Prime rents in sought after retail destinations increase by nearly 6%
Retail property in luxury European locations performed strongly over the year to June 2013 with prime rents increasing by 5.7%, according to data released today at MAPIC in Cannes by Cushman & Wakefield.
Rental growth witnessed in streets which house the world’s leading luxury brands easily outpaced the rise recorded in Europe’s mass/ non-luxury market (1.3%).
Martin Mahmuti, a senior analyst in Cushman & Wakefield’s European Research Group, said: “The European retail market has been bolstered by a steady improvement in economic conditions. However, luxury locations were the main catalysts behind the rental growth revival, a contrasting performance compared with non-luxury locations, which while growing, did so at an unspectacular rate. Tourists from different corners of the world continue to provide the impetus for a number of luxury destinations and this will remain the case, particularly for sought-after streets in gateway cities.”
Europe remains a crucial luxury market accounting for 30-40% of sales globally for most major brands with France, the UK, Italy and Switzerland the top markets. More notably, it is also the most important manufacturing base for many of the world’s luxury brands.
The most expensive retail location in Europe was again the Avenue des Champs-Élysées in Paris which saw a rental rise of 38.5%. In the UK, meanwhile, with continued demand from international luxury brands, rents in London’s New Bond Street increased by 15.6% to make it the second most sought after street in EMEA. Milan’s Via Montenapoleone, which houses brands such as Dior, Gucci, Louis Vuitton and Prada, is placed third and saw a healthy increase of 7.1%.
In the UK, the rental growth trend over the year was underlined by the most expensive location in the country, New Bond Street, where values surged by more than 15%. Indeed, luxury locations such as New Bond Street and Sloane Street continue to attract exceptional interest from occupiers. On average, for each store there are around 10 international brands competing for it. Several existing luxury tenants are now looking to expand their space, with plans for their stores to be transformed into multi-level flagships (Jimmy Choo or Christian Dior) or take space in adjacent streets and link the units (Boodles).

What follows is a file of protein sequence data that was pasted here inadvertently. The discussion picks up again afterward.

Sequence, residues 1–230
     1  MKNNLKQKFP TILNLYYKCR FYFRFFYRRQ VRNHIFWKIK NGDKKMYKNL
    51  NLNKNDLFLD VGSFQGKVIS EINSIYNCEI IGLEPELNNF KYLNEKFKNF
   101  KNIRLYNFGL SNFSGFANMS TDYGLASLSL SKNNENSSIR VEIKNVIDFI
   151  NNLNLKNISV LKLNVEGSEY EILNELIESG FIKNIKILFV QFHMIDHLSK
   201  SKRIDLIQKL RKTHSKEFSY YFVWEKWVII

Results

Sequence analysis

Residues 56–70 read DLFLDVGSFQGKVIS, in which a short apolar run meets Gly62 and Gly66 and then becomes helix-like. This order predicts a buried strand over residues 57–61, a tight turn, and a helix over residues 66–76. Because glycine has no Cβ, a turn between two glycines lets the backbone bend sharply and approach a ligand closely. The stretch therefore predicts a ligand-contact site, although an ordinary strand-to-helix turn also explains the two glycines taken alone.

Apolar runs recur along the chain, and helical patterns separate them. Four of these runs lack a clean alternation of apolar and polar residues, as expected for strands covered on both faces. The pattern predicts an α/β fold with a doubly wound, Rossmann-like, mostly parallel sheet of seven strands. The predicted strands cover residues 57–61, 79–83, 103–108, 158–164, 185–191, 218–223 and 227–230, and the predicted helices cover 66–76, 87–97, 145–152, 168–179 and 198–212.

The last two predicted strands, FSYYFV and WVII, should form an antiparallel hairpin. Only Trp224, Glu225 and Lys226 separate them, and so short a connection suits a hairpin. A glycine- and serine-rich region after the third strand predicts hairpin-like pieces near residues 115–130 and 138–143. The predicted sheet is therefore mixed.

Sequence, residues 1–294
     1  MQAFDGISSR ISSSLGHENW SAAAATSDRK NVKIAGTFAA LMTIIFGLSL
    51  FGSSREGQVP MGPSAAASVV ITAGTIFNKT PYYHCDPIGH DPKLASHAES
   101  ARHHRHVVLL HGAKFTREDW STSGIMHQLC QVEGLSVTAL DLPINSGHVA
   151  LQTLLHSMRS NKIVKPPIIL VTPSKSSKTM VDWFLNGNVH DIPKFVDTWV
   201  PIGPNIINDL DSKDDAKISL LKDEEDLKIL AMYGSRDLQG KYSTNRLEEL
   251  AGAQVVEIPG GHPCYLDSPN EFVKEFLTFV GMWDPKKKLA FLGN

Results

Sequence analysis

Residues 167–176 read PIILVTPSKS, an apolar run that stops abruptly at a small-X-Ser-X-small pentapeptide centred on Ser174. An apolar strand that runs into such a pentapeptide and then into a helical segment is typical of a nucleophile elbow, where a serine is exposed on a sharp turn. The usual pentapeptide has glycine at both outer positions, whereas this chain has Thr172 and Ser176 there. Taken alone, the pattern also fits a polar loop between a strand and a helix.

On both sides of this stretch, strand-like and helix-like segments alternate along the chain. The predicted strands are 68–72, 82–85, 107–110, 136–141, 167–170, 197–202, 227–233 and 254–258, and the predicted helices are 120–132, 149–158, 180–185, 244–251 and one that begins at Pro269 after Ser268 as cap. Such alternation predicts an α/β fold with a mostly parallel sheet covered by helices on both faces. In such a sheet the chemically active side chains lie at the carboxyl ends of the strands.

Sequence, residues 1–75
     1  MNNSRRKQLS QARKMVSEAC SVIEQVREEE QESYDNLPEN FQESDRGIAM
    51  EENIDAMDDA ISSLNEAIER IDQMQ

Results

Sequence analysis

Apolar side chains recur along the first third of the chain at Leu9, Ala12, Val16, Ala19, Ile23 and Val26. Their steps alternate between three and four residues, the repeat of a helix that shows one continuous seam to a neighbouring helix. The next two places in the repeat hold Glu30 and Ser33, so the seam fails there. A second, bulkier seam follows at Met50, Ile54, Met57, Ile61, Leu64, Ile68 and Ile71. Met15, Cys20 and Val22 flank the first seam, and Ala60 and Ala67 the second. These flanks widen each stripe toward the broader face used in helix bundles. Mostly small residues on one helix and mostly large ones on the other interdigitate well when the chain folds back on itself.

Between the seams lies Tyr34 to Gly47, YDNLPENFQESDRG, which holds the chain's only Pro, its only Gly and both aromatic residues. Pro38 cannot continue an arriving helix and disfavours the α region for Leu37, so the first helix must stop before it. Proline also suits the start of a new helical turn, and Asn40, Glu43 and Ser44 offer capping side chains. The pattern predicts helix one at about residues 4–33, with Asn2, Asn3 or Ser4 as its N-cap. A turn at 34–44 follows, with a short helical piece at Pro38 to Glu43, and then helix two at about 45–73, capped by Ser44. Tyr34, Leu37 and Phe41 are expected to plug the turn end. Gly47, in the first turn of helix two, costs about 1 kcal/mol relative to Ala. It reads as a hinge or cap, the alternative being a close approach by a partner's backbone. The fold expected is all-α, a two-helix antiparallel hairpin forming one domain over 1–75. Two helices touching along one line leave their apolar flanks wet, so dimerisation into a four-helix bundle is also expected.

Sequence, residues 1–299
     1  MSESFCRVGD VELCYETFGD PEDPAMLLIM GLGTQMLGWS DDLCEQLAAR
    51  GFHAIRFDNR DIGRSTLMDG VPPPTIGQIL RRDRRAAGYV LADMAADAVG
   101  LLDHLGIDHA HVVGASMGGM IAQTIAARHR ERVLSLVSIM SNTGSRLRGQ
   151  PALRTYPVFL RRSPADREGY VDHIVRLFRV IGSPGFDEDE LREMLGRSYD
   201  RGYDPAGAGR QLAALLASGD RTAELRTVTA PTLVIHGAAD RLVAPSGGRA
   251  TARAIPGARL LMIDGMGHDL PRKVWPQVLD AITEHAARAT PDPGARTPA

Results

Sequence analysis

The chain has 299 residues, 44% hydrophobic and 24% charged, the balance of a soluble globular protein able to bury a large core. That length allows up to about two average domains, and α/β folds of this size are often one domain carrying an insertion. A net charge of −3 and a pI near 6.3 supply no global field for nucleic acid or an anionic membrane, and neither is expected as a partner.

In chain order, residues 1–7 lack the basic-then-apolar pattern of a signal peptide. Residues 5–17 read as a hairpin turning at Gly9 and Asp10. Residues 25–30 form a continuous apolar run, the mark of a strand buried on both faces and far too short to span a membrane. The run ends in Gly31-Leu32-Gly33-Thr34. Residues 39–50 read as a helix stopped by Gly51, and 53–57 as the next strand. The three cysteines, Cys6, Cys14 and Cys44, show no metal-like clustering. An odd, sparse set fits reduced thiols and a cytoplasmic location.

Peter Mace, head of central London retail, Cushman & Wakefield, said: “International retailers are acutely aware of the relentless demand from consumers for luxury goods in London’s West End and are constantly vying for prime positions on London’s top shopping destinations; I haven’t seen this level of demand for many years. With a broad mix of nationalities and tourists as well as its status as a fashion hub, London’s luxury retail market will continue to thrive for the foreseeable future.”
France’s premier shopping destinations were yet again energised by extraordinary luxury retailer demand: more than 100 luxury stores – a combination of new shops, extensions, refurbishments and pop-ups – have opened since 2011. Further growth in tourist numbers and limited supply also contributed to the rental uplift.